In both cases, you have chances to go immediately into counter leg locks once you’re safe. If you’re a leg locker yourself, that is.

Early Heel Hook Defense

Speaking of dealing with heel hooks BJJ attacks early, you should never let anyone grab a heel hook grip (or any leg locking finishing grip) from a solidified Ashi Garami position. Dealing with the Ashi Garami early is a lot easier than you might imagine – simply hold on to the knee of the leg under attack with the same side arm. Seriously, just hug your knee and watch as your partner effortlessly attempts to do any sort of leg lock.

The reasoning behind this type of defense is simple – no hip control means no breaking mechanics. Given that many people are too eager when they hunt leg locks and focus more on trying to grip a heel hook grip first and then find an Ashi Garami, this type of defense is extremely easy to set up and will annoy even seasoned leg lockers.

The only catch is that you need to time it right. The moment someone locks a tight Ashi around your hip, if your arm is not already threaded you won’t get a chance to do so and you should shift your attention to late-stage defense instead.

Preventing leg locks

Eddie Cummings Approved Late Heel Hook Escapes 

Back in the day when the Danaher Death Squad popularized heel hooks, Eddie Cummings was unbeatable in the department. He did not only fight a bunch of people who were thought to be leg lockers and submit them but never tapped himself. the secret to his success was understanding the mechanics of the Ashi Garami position and its relation to heel hooks.

The way the “Wolverine” approached heel hook BJJ escapes was to remove the knee of the leg under attack away from the opponent’s hips. There are a couple of very important things to know before you attempt this, though.

The first is that you actually need to wait for your opponent to establish a heel hook grip. Don’t worry, you’ll have time to get away, although not too much (after all, it is a late escape). The second is that you can’t just get the knee away from them in a simple motion.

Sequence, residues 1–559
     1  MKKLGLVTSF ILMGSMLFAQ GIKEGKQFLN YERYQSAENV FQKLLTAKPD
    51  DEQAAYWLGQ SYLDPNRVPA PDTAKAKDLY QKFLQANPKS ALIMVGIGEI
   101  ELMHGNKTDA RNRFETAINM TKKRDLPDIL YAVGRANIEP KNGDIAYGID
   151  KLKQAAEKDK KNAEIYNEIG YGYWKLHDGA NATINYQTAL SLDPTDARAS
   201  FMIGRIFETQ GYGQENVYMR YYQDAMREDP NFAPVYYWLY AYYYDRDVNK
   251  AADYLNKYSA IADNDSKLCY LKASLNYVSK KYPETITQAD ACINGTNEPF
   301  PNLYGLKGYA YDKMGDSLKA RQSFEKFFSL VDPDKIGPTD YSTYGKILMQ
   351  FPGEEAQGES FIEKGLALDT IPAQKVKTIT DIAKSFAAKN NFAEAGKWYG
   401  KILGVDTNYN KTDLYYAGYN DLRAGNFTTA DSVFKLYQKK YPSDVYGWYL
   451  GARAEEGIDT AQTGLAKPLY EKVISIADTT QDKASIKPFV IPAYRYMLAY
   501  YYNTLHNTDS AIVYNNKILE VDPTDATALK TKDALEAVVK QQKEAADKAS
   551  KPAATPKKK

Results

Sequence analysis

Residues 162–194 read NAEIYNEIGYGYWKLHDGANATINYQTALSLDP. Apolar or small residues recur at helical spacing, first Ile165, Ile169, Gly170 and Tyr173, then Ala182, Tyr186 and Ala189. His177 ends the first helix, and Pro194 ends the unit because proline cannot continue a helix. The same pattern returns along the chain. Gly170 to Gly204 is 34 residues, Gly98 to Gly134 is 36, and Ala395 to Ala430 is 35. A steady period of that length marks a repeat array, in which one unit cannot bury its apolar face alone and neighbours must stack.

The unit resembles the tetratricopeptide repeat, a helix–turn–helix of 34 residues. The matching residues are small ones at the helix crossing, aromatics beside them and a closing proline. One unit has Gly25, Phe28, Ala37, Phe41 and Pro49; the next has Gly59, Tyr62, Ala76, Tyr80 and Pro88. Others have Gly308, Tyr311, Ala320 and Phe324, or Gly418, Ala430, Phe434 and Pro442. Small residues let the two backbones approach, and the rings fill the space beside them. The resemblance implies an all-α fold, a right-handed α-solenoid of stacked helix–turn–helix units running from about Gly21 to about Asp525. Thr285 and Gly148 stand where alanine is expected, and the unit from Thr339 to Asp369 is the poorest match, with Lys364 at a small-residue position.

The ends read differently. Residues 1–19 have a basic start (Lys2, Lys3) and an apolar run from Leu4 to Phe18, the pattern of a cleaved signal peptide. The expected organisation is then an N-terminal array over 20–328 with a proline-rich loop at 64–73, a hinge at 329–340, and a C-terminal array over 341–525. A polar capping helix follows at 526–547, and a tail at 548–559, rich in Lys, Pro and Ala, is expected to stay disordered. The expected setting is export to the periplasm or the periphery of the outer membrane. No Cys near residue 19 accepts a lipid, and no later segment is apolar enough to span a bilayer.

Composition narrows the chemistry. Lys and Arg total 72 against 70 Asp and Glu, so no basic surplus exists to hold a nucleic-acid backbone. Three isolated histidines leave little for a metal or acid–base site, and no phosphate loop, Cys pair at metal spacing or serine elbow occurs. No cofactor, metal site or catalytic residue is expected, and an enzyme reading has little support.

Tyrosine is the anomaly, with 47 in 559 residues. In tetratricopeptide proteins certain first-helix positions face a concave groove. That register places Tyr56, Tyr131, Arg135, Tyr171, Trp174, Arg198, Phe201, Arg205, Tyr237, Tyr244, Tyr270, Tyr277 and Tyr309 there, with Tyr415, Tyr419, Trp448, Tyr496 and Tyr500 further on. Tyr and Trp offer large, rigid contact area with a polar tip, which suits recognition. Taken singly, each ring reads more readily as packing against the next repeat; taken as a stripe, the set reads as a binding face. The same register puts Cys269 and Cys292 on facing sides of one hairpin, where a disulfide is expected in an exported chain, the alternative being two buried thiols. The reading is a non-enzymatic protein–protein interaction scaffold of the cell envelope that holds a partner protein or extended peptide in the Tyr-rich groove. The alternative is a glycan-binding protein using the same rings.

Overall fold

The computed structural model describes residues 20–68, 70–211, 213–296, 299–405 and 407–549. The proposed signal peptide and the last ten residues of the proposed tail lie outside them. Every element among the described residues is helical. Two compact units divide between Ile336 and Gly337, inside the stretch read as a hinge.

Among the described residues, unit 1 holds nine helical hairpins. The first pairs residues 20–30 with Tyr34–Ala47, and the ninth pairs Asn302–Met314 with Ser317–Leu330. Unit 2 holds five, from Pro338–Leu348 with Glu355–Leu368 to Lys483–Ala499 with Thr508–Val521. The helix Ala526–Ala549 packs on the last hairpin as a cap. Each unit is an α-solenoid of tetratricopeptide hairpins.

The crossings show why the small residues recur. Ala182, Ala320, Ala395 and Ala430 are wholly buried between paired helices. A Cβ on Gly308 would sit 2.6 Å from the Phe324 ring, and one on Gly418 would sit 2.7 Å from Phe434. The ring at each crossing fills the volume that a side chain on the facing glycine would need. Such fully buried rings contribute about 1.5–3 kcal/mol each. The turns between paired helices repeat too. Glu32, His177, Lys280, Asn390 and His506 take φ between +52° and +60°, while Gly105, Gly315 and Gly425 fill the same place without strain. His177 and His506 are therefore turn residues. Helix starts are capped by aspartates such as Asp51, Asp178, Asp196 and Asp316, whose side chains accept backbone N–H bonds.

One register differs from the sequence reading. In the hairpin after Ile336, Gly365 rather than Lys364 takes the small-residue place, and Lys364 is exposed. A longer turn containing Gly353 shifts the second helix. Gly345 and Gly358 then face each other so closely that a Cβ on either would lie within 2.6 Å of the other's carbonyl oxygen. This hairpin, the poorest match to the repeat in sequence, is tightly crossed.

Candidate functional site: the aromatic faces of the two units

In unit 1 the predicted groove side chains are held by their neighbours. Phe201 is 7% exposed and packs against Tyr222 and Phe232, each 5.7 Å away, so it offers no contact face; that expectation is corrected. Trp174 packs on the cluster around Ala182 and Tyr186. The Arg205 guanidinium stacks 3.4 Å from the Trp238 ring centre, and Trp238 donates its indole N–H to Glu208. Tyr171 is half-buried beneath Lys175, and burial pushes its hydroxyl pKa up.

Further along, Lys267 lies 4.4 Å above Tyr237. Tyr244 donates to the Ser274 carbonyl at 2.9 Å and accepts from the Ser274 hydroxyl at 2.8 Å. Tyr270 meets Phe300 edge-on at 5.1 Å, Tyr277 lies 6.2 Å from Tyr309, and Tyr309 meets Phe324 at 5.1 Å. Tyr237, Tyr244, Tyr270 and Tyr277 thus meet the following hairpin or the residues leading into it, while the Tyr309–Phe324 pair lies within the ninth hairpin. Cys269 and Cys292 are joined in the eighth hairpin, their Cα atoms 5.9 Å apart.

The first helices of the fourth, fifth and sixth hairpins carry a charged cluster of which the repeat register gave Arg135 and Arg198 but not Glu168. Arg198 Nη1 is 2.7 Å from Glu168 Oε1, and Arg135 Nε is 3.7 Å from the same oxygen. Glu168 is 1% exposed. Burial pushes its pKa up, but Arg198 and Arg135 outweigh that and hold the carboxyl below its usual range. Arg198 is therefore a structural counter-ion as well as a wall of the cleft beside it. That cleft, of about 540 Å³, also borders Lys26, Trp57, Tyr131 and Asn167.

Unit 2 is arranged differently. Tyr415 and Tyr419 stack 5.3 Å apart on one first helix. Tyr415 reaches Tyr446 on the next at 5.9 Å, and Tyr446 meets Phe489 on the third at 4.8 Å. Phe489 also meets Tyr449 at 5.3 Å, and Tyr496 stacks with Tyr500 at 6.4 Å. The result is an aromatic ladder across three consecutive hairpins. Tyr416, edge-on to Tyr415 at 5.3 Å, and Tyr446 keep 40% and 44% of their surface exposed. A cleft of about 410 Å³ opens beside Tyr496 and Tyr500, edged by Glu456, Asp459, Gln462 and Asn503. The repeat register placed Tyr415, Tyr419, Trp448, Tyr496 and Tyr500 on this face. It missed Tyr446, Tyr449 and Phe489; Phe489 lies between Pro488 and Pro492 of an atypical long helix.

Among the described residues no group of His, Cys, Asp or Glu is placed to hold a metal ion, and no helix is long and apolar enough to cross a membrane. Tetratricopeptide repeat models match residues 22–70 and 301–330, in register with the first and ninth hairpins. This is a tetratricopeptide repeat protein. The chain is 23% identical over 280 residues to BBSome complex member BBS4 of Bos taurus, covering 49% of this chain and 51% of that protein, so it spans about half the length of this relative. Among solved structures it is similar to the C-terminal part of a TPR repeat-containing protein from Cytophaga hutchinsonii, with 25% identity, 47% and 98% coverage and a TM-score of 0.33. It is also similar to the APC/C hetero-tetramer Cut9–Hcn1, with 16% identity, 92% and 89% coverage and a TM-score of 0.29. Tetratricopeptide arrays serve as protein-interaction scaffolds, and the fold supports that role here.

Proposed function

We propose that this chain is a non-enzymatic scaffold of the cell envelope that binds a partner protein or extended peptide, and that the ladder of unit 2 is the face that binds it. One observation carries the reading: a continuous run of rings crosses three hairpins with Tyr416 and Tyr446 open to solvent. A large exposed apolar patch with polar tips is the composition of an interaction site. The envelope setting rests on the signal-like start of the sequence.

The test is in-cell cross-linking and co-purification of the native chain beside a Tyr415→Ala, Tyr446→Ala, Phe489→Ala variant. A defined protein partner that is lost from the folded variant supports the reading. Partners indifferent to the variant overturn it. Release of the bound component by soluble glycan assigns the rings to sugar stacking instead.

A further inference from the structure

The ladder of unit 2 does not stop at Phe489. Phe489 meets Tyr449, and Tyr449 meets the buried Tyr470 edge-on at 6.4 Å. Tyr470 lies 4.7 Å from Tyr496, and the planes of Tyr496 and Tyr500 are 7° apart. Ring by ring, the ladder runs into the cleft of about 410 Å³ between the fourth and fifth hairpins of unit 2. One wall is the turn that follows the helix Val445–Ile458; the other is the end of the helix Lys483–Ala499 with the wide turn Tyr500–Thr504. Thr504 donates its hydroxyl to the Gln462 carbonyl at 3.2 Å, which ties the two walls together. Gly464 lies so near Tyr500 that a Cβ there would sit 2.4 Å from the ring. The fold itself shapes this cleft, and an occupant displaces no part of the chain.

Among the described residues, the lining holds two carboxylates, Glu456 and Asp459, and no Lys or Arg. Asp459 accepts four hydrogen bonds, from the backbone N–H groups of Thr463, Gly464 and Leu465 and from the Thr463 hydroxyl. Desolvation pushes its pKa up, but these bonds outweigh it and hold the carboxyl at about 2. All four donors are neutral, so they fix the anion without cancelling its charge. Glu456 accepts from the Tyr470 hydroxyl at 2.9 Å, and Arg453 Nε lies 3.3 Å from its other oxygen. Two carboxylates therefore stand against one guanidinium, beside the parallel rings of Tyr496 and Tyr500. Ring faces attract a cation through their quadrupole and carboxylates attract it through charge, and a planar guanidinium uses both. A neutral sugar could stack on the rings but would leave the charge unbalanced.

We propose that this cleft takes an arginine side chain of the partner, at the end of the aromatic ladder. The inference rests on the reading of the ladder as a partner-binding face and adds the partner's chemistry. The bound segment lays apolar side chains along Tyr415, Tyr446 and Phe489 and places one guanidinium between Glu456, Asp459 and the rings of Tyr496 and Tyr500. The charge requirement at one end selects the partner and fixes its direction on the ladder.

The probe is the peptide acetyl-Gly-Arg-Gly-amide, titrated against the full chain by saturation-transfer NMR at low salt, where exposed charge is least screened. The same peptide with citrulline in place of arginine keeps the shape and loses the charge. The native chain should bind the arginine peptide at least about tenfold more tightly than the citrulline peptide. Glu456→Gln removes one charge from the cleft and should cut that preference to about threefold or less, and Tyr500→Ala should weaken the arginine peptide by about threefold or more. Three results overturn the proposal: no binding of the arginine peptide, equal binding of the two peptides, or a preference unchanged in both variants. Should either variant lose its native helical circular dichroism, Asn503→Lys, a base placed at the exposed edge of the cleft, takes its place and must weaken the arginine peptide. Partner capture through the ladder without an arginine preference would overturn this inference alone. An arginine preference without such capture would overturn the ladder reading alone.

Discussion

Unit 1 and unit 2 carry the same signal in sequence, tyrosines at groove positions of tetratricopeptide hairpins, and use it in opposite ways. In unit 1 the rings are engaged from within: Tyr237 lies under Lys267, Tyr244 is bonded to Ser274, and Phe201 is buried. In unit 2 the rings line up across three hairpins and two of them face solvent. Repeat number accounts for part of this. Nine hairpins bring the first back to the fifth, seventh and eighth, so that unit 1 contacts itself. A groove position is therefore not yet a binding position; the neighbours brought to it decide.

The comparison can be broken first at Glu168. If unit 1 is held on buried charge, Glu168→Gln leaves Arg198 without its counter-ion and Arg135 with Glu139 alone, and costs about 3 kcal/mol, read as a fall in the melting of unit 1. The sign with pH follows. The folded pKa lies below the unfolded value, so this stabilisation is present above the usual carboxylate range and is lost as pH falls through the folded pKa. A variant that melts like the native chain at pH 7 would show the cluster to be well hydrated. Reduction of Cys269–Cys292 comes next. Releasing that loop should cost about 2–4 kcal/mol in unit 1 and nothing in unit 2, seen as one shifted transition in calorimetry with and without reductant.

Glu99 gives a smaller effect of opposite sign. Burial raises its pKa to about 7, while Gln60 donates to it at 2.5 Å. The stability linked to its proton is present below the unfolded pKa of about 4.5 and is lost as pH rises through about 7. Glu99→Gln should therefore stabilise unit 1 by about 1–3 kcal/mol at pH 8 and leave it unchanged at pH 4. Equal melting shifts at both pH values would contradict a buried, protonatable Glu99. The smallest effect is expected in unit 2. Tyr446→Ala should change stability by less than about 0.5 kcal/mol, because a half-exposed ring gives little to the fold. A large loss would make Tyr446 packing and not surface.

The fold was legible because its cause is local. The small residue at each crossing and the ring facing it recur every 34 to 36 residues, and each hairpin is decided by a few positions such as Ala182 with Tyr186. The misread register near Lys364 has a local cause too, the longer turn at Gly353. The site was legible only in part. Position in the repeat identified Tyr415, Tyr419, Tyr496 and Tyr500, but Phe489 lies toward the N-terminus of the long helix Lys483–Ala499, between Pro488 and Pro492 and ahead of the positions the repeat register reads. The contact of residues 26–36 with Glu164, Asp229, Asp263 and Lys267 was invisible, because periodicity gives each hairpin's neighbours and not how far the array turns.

Danaher Death Squad Heel Hook defense

Let’s analyze the position of your leg. Whether it is an inside or outside heel hook, your knee needs to be close to the opponent’s hips. If you draw an imaginary line from your ankle to your hip, your knee is not going to be on that line, but rather to one side of it. Your goal with late-stage heel hook BJJ defense – get it to the other side.

Simply trying to move the knee across this imaginary line will blow your knee out. However, if you get your butt near to your opponent and then shift (do a small hip escape) so that the leg under attack is not on the bottom, the knee will safely end up on the opposite side of the line. In other words, it’ll be very far away from the reach of the opponent’s hips, and you’ll be safe(ish).

In order to completely get away, you’ll need to straighten your foot (like a ballerina) and use a small land repeated see-saw motion to do a “heel slip”. The moment the heel is out of danger, you don’t have to actually escape the position. You can turn to your favorite heel hook BJJ counterattacks instead.

In Conclusion

Heel hook BJJ escapes do not have to be complicated. It does not take a different way to escape every heel hook variation out there. All you need is one battle-tested way to beat the most feared submission in BJJ history. And who better to learn from than the original modern heel hook master himself – Eddie Cummings?